EU's visa agreement with Russia suspended

EU's visa agreement with Russia suspended
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"The number of new visas will be substantially reduced," EU's foreign policy chief has said after foreign ministers decided to suspend a 2007 visa agreement with Russia.

A suspension of a 2007 visa agreement with Russia was announced on Wednesday after a meeting of European Union foreign affairs ministers in Prague.

The decision by foreign ministers fell short of a blanket visa ban on Russian tourists, supported by the administrations of some Baltic countries, Denmark and the Czech Republic, and opposed by several countries including Germany and France.

The suspension of the 2007 agreement, a step that has been taken as part of EU sanctions against Russian invasion of Ukraine, signifies an intensification of scrutiny over the future visa applications by Russian tourists.

It will likely make the visa application process much more expensive and burdensome for Russian nationals planning to visit any EU member country.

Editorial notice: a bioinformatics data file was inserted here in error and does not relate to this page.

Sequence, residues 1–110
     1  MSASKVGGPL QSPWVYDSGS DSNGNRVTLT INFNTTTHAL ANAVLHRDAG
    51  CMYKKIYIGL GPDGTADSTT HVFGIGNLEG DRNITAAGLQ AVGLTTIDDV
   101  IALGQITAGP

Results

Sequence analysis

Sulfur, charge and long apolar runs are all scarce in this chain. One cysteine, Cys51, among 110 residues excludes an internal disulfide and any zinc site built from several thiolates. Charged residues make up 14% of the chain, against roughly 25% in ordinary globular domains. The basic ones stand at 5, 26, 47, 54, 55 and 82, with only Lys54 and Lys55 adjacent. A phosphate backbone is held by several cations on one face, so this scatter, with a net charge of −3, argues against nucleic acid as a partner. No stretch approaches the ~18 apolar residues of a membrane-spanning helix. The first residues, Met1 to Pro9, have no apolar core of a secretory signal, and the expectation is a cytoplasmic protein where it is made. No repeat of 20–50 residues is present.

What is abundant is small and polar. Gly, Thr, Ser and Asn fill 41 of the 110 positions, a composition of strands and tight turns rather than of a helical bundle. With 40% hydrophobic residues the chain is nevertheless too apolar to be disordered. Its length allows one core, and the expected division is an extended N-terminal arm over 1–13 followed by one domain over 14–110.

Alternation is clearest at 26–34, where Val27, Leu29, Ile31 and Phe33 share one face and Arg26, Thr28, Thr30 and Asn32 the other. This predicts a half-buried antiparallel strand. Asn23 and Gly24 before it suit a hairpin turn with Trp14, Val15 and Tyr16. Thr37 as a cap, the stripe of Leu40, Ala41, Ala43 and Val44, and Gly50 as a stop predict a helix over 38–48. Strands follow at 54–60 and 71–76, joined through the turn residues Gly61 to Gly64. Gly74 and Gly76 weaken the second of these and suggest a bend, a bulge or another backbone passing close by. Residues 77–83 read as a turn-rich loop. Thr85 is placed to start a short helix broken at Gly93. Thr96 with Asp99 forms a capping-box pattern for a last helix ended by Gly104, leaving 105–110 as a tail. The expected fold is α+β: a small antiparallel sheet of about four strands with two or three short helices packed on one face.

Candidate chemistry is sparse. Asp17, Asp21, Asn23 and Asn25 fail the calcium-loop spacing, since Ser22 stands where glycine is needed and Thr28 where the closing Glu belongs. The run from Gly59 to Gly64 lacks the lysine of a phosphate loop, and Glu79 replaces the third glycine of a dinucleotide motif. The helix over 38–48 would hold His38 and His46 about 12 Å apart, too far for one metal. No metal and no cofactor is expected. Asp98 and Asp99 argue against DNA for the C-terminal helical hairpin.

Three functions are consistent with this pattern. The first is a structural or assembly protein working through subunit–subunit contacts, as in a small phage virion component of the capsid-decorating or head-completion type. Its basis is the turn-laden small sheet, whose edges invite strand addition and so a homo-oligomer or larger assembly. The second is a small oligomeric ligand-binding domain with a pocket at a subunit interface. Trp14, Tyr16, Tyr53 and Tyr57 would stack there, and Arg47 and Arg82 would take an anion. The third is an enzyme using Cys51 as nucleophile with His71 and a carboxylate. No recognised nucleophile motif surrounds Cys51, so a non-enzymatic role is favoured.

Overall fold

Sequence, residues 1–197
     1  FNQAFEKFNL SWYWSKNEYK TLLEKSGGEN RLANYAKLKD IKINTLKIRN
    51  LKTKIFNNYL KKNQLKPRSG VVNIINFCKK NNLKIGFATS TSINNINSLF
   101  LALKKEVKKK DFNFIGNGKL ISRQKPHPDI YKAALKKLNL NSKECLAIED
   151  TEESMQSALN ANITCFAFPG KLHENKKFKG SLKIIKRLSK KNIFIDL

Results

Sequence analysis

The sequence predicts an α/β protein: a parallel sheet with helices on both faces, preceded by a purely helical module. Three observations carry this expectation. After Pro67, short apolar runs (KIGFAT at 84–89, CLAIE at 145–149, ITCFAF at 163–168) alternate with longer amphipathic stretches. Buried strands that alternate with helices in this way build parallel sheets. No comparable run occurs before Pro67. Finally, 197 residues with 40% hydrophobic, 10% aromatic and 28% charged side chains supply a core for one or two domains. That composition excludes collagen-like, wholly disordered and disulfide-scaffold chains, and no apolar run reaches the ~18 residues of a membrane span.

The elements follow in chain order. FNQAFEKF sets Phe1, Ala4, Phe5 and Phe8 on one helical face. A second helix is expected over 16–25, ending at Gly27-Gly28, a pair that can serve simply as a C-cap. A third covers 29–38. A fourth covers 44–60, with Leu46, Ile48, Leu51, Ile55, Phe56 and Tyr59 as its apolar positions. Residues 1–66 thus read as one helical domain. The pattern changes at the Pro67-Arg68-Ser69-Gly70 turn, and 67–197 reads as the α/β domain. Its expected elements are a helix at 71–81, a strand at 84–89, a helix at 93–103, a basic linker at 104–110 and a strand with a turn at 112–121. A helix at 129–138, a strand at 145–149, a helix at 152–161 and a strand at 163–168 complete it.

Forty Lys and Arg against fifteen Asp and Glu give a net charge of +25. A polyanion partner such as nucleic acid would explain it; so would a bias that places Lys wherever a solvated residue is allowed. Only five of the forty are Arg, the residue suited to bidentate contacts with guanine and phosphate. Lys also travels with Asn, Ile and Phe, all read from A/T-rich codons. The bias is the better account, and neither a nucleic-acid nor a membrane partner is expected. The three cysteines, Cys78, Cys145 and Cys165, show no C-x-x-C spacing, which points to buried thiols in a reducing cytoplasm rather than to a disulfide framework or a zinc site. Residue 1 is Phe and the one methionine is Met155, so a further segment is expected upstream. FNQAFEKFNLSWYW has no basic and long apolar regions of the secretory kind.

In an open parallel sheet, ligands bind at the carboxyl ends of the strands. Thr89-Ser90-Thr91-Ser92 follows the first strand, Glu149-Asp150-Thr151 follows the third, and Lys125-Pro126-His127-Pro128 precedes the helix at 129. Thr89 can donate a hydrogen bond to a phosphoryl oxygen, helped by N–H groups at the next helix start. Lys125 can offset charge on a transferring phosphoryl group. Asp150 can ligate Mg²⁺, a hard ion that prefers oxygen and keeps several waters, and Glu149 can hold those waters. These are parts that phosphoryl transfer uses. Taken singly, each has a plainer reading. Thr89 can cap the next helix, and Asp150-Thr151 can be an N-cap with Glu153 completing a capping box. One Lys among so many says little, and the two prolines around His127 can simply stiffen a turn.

"It’s going to be more difficult and longer, and consequently the number of new visas will be substantially reduced," said Josep Borrell, the EU's foreign policy chief, at the end of the meeting of foreign affairs ministers.

Ministers also tasked the European Commission with looking into possible ways to tackle the estimated 12 million visas issued to Russian citizens that are still in circulation.

Borrell had personally opposed the total ban against Russian citizens, arguing the bloc needed to be "more selective" and leave the door open for those attempting to flee Vladimir Putin's regime.

"We don’t want to cut ourselves from those Russians who are against the war in Ukraine," he said.

Germany, France, Portugal and Spain took similar positions against a blanket visa ban.